Lec1_Basic_Overview_of_Microbiology

Lec1_Basic_Overview_of_Microbiology - Basic Overview of...

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Basic Overview of Microbiology
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Microbiological Classification of Infectious Diseases Disease is a disturbance in the state of health Microbes cause disease in the course of stealing space, nutrients, and/or living tissue from their symbiotic hosts (e.g., us) To do this, microbes do most of the following: Gain access to the host (contamination) Adhere to the host (adherence) Replicate on the host (colonization) Invade tissues (invasion) And produce toxins or other agents that cause host harm (damage)
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Microbiological Classification of Infectious Diseases Viral Single or Double Stranded DNA or RNA Bacterial Gram positive Gram negative Fungal Parasitic Helminth Protozoa Prions
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Microbiological Classification of Infectious Diseases
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Comparison of Eukaryotes and Prokaryotes Characteristic Eukaryotes Prokaryotes Form Multicellular Single cells Nucleus Nuclear membrane DNA in contact with cytoplasm Organelles Membrane-bound organelles present No organelles Sterols Always Only in Mycoplasma Ribosomes 80s = 40s + 60s 70s = 30s + 50s Cell wall Absent or cellulose/chitin Peptidoglycan Mitosis Yes No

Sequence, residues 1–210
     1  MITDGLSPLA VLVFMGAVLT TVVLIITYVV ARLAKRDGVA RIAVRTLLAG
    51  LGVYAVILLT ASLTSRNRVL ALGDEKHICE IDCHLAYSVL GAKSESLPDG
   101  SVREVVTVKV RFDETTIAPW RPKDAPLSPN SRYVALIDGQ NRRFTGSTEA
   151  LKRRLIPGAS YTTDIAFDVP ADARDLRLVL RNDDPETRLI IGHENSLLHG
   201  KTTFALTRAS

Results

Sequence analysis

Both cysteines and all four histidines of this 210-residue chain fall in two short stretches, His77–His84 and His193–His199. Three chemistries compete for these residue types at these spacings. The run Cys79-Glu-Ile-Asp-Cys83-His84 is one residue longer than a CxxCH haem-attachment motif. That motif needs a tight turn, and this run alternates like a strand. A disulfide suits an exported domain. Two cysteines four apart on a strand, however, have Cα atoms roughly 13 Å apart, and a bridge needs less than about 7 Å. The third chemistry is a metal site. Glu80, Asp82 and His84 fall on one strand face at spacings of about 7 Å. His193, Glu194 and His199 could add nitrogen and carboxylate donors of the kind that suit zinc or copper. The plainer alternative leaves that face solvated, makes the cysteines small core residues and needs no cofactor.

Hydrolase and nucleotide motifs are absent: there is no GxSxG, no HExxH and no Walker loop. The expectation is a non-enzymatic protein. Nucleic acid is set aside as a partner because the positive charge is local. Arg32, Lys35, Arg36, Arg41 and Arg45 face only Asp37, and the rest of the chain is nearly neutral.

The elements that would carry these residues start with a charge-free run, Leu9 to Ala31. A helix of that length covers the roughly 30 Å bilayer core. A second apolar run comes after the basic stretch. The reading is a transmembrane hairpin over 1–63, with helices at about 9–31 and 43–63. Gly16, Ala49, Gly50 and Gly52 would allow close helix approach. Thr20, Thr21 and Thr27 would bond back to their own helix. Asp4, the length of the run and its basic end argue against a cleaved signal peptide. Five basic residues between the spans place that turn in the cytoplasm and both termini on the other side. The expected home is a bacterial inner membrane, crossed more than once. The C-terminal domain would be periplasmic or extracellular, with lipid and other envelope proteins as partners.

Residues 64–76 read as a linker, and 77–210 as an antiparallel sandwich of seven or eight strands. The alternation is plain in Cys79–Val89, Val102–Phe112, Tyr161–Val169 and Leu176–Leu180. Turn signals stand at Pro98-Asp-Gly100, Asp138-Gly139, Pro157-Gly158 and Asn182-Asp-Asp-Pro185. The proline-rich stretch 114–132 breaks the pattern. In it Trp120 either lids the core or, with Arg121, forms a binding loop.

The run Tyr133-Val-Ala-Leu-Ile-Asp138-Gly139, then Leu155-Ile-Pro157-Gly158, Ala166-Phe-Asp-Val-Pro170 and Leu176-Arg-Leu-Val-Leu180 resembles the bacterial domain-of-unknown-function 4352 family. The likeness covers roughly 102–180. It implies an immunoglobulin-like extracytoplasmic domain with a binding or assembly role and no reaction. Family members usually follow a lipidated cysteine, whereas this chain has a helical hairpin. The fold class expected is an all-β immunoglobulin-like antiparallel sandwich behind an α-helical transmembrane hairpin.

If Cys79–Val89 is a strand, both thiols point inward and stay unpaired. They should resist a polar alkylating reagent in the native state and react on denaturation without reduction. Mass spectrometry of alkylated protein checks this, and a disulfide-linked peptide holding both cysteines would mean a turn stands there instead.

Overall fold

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Size Comparison of Microbes
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Size Comparison of Microbes
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Bacterial Cell Structure James D. Dick, PhD, Johns Hopkins University
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Microbiological Classification of Infectious Diseases Bacteria can be: Chemoheterotrophs Organisms that obtain energy by the oxidation of electron donors in their environment but are unable to fix carbon and form their own organic compounds Photoheterotrophs Organisms that carry out photosynthesis to acquire energy but use organic compounds to build structures. Chemoautotrophs Organisms that derive energy from chemical reactions and synthesize all necessary organic compounds from carbon dioxide Photoautotrophs Organisms that carry out photosynthesis to acquire energy and can fix carbon
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Strain O157:H7 Taxonomy of Bacteria
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Microbiological Classification of Infectious Diseases Bacteria are classified by their Gram stain characteristics. Gram staining is the application of a crystal violet dye to a culture of bacteria. Bacteria that retain the color of the dye are called Gram positive; bacteria that don't are Gram negative. The Gram stain attaches to peptidoglycan in the bacterial cell wall. In Gram-negative bacteria, the peptidoglycan layer is protected by an outer membrane.
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Microbiological Classification of Infectious Diseases
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Microbiological Classification of Infectious Diseases
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Microbiological Classification of Infectious Diseases The second criteria used to classify bacteria is their shape.
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  • Fall '10
  • A
  • Bacteria, Microbiological Classification, Diagnostic Microbiology

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